One area of private equity is flourishing: the secondaries market. Speakers and panellists at SuperInvestor 2019 shared their expertise and thoughts on the future of the market and considered how to mitigate risks while generating innovative and creative financing solutions.
A hot bed of innovation, the secondaries market is enjoying stellar growth and lots of attention.
Once seen as the backwater of the industry, it’s now moved into the mainstream, offering investors ways to customise their involvement in the sector with a constantly evolving array of tools and new mechanics. Secondaries are now widely used to generate liquidity, introduce flexibility and make portfolio adjustments.
That’s helped the market balloon to $74 billion of transaction volume in 2018 from $58 billion in 2017, research from investment bank Greenhill & Co shows. And the expansion is set to continue, according to delegates in Amsterdam.
“Private equity is kind of dull, but secondaries are super interesting,” said John Daghlian, a partner at Akin Gump LLP. “If you want to see things done differently, there are new kinds of deals the whole time, the market is so competitive, and there are always new kinds of innovations.”
Sweta Chattopadhyay, Director at bfinance, joined us for an exclusive interview on the evolution of the secondaries market, how strategies have become more sophisticated, and why you should be investing in the market.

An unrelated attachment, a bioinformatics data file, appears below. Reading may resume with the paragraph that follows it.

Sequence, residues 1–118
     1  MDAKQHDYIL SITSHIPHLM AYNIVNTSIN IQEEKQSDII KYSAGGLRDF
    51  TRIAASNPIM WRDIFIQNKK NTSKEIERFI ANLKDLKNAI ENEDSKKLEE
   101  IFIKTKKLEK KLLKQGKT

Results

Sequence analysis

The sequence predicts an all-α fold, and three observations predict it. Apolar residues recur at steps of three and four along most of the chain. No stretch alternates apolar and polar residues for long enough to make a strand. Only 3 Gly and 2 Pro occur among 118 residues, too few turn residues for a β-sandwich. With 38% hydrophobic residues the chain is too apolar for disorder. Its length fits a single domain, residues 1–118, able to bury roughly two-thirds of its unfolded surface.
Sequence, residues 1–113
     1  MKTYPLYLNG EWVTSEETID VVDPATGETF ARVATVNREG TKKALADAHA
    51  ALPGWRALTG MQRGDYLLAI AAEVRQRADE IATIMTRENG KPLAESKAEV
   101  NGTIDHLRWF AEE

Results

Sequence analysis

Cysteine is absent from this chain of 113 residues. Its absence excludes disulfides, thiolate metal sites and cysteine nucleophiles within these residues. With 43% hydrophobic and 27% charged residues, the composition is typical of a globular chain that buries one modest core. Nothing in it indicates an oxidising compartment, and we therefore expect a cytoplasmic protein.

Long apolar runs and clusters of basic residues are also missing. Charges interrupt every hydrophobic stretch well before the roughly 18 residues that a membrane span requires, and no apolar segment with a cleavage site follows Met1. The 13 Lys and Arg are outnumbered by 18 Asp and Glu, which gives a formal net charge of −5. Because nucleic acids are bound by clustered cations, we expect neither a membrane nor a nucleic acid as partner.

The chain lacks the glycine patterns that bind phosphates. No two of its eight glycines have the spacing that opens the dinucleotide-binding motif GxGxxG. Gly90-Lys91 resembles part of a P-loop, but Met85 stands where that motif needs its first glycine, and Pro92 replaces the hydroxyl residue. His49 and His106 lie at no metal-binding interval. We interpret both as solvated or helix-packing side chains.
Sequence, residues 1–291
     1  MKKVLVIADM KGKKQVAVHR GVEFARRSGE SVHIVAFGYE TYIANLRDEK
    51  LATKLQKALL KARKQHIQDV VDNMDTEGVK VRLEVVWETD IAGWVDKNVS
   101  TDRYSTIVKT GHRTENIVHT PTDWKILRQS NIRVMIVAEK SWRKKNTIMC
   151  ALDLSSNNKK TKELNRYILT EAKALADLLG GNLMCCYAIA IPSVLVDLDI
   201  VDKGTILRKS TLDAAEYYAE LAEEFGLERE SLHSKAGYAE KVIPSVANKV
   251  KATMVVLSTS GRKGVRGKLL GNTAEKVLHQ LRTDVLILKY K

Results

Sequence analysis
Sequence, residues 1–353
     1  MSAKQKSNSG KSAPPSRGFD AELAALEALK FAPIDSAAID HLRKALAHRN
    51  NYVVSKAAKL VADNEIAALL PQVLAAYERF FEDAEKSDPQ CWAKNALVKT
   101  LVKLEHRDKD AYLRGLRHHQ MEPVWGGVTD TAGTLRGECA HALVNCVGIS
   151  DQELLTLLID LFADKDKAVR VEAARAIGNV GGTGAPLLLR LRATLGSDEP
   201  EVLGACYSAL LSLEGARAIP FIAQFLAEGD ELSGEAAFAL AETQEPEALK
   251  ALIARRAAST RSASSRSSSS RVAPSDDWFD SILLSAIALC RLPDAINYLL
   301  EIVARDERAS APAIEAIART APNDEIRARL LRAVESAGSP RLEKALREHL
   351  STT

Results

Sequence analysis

More tools, more mechanics
A plethora of financing and structuring options are now available, including single-asset deals, preferred equity deals and GP-led transactions.
GP-led secondaries are booming, making up around 32% of deal volume in 2018, according to Greenhill. Many of the SuperInvestor delegates said that area of the market was also becoming increasingly sophisticated, which is leading to customized solutions.
Even so, such deals aren’t without risk, they noted, with some hiccups along the way.
“With the GP leads, it’s about right structure, right process and right mindset,” said Yann Robard, the managing partner of Whitehorse Liquidity Partners. “At the end of the day, what you’re doing is providing options, but not obligation, for liquidity.”